Glacier Melt Enough To Cover Alaska With A Foot Of Water Every Seven Years

By on July 2, 2015

Operation IceBridge Alaska flies a lidar survey over the glaciers. (Credit: Chris Larsen)

According to a recent press release from the American Geophysical Union, the continued melting of glaciers in Alaska is enough to cover the state in another foot of water every seven years. In addition, Alaska’s melting glaciers could contribute significantly to a rise in global sea levels.

Scientists at the University of Alaska Fairbanks and U.S. Geological Survey used airborne lidar altimetry data and surveys of 119 Alaskan glaciers over a period of 19 years to assess the degree of Alaskan glacier ice loss. Data included the size and shape of each glacier and ice losses due to glacier melt and iceberg calving.

The researchers found that tidewater glaciers were having a minor effect on sea level rise. Glaciers that ended on land, however, were having a large effect, contributing most of the melt water and causing significant sea level rise.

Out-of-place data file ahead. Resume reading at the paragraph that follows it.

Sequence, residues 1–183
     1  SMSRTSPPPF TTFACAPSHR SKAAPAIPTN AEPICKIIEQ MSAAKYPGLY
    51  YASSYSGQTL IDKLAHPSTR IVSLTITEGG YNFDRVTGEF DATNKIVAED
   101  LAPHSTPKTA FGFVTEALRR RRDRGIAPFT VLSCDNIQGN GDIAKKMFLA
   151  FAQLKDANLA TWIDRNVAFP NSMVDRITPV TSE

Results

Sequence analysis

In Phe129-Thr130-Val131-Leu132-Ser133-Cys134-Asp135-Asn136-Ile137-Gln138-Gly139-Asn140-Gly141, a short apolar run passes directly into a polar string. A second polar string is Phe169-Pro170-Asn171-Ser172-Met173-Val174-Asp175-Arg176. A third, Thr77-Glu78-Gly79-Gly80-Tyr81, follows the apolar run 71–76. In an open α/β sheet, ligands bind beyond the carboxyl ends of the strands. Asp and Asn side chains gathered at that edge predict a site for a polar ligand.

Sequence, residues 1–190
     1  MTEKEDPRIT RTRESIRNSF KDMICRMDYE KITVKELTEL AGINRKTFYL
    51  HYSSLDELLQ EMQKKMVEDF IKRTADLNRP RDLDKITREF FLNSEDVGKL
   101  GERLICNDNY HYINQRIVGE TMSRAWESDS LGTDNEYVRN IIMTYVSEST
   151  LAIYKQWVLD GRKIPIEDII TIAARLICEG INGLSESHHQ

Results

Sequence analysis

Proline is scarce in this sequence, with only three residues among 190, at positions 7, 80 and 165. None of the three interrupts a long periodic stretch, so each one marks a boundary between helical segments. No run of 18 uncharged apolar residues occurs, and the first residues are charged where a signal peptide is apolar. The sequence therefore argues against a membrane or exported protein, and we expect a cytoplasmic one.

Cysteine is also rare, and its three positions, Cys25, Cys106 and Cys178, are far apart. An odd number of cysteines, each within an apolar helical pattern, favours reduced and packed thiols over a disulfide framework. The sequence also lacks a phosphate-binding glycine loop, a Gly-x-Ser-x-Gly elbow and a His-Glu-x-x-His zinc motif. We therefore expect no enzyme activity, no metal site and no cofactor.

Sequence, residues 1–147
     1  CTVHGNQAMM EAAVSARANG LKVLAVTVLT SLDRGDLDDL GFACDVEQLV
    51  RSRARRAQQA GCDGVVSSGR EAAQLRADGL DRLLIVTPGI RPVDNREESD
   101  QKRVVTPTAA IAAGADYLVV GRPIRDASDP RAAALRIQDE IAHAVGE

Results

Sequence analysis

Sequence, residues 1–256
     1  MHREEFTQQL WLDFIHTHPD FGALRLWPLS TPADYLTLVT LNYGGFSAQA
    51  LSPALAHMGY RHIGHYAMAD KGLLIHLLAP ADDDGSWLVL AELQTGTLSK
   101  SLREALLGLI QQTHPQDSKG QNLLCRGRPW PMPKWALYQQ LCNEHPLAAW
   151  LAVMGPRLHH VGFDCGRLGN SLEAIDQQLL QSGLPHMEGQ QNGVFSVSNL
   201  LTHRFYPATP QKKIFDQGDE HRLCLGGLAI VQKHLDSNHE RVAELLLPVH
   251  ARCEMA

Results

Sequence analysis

Although mountain glaciers like Alaska’s are only 1 percent of the world’s glacial ice, their melting accounts for a third of the increase in global sea levels. Researchers believe most of the melt is driven by climate change.

Top image: Operation IceBridge Alaska flies a lidar survey over the glaciers. (Credit: Chris Larsen)

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